Coronavirus Prediction and Risk for New Mexico.

Did you see Bill Gates on CNN last week? He was impressive. In clear language, he stuck to the facts and figures — and he made sense.

He has had lots of money to spend, and some of it he has spent on future pandemics. This was after the SARS pandemic of 2003. He wrote an article that defined what governments should do when the next pandemic strikes.

Did they act on this? Nope. In fact, President Trump closed down the Office of Infectious Diseases in the White House.

It seems that if the USA had acted like Gates recommended, our country might have been in a much better situation. Apparently South Korea, Hong-Kong, and Singapore did exactly that and their virus is contained.

Bill Gates also funded a group at the University of Washington to develop a model to predict the outcome of a pandemic. The figure here shows the results of this model applied to New Mexico.

This image has an empty alt attribute; its file name is Curve-for-NM.png

University of Washington model for expansion of Covid-19 in New Mexico. Click to source, then back-arrow to return to blog article.


The total deaths by month are shown by the yellow band, which expresses the uncertainty of the prediction. The average deaths by month is shown by the dashed red line.

For example, less than 5 deaths by April 1, 300 deaths by May 1, 500 deaths by June 1. After that the curve has flattened and there are only a few more deaths.

The yellow band shows it could be worse than this, but it could also be better than this.

Typically 2-3% of infections lead to death. So the number of infections on April 1 would be less than 200, by May 1 about 12,000, by June 1 about 20,000 infections.

BUT, if there are no new deaths after June 1, there would be no new infections after May 15 because the infection lasts about two weeks. This suggests we have to be continue the habits of social-distancing and washing hands and avoid touching our face until May 15. That’s six weeks from now.

So there’s hope for New Mexico. But there’s enough uncertainty in the yellow band of the figure that we should continue to be diligent about our new habits, because the numbers may change.

Here is a list of habits recommended by Dr David Price, a critical pulmonary-care specialist at Weill Cornell Hospital in New York City. Usually he deals with all kinds of respiratory ailments, but now he’s dealing only with COVID-19 patients. I got this information from a separate website

Dr Price does a conference call describing his experience. It’s a long video (57 minutes), and overall reassuring.
To play the video, click HERE

Bottom line: COVID-19 is becoming well understood. If you practice good hand cleanliness procedures and distancing, you have nothing to worry about.
1. Hand to face is the critical path. Spray, rarely.
2. Get into the habit of knowing where your hands are and be sure they are clean. (sanitizer)
3. Wear a mask, not to protect you, but simply to avoid hand to face contact.
4. You don’t need an N-95 mask. Anything will do. Give N-97 to your local hospital.
5. Carry sanitizer with you when you go out.
6. Be friendly and social, just stay 6′ away.
7. Shrink your social circle. You don’t want to be in large groups.
8. Go to the hospital only if you are short of breath. Headache, fever, muscle ache, cough – stay home.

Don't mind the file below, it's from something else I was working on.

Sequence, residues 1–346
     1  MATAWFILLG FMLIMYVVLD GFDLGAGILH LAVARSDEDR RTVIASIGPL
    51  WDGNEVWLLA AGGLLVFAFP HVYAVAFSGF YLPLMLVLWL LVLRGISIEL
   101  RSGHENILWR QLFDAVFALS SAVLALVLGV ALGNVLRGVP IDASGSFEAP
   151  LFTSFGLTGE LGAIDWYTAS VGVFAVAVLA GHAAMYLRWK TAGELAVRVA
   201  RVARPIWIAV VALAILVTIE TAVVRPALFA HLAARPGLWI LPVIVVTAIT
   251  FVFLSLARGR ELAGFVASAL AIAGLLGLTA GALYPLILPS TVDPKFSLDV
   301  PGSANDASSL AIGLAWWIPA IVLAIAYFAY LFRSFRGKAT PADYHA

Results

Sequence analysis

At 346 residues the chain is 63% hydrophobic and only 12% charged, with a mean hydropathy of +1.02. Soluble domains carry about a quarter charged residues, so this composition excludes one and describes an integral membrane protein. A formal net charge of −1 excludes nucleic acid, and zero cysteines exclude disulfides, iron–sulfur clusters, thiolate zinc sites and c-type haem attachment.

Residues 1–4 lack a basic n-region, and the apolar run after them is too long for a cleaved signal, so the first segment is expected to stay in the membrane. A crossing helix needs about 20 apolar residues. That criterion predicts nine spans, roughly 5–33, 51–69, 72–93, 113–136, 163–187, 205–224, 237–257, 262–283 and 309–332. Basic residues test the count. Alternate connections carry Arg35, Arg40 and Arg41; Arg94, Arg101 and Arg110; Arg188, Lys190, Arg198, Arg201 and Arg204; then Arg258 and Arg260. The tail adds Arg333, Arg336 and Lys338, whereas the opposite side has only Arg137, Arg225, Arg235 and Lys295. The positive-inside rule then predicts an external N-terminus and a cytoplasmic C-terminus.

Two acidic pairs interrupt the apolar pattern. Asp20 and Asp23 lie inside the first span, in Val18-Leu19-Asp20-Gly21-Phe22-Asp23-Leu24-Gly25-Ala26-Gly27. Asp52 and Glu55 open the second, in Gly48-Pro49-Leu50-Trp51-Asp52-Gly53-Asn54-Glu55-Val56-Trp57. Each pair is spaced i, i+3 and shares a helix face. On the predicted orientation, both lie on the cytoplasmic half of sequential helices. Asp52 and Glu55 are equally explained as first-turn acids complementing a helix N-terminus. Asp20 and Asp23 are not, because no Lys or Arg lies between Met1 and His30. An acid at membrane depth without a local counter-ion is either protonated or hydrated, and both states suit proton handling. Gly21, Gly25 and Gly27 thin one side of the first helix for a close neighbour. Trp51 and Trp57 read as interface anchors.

9. Course of the disease is 7 -14 days. Immunity then follows.
If you follow the simple rules, you will not get COVID-19.

• Clean your hands frequently, after opening doors, etc. Cary a bottle of Purell with you.
• Avoid touching your face, unless your hands are clean. Wear gloves to remind you.
• Keep 6 feet away from others. Avoid groups.
• Understand the modeling predictions as seen in the figure. They lessen the overall uncertainty and this can lower our anxiety.

Related topics: Pandemic Update – New Mexico, Kansas, and Australia
BLOG TOPICS: I write in-depth blogs about a curious mix of topics: Inspiration and Hope, and Health and Hiking, and Science and Energy. Something for everyone!
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The Gray Nomad ….. Read and pray and hope and keep hands away from face.
Have mercy on me, my God, have mercy on me,
for in you I take refuge.
I will take refuge in the shadow of your wings
until the disaster has passed.
[Book of Psalms, chapter 57]


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Susan Landers
Susan Landers
4 years ago

Ian, I am thankful New Mexico has been wise with their dealings of the Covid 19 virus. I wish I could say the same for Oklahoma. Our numbers are not good and our governor seems more led by short-sighted economic incentive than the longview for both health and economy of our state.
Blessings and good health to you,
Susan Landers

4 years ago

Thanks Ian for another timely and informative blog post. I appreciate the information and your efforts to bring it to us.

Karen Larre
Karen Larre
4 years ago

Great stuff, Ian. Thanks for sharing!

Don Compton
Don Compton
4 years ago

Ian…thank you for the research you did for this blog
and your comments on Bill Gates’ efforts on pandemics.

Even though I had read about most of the steps you shared
that we all
need to take to prevent catching the coronsvirus, it was
Good to be reminded again.

Don Compton

Gary M
Gary M
4 years ago

I have read that the main way the virus is spread is person to person via droplets containing the virus. If I read you right, you are saying that hand to face is the primary way. I wonder which is true. In any case both social distancing and hand washing are critical. Thanks, Ian, for the encouraging information.

4 years ago

Thank you again for sharing good and useful information. Stay safe, stay well.

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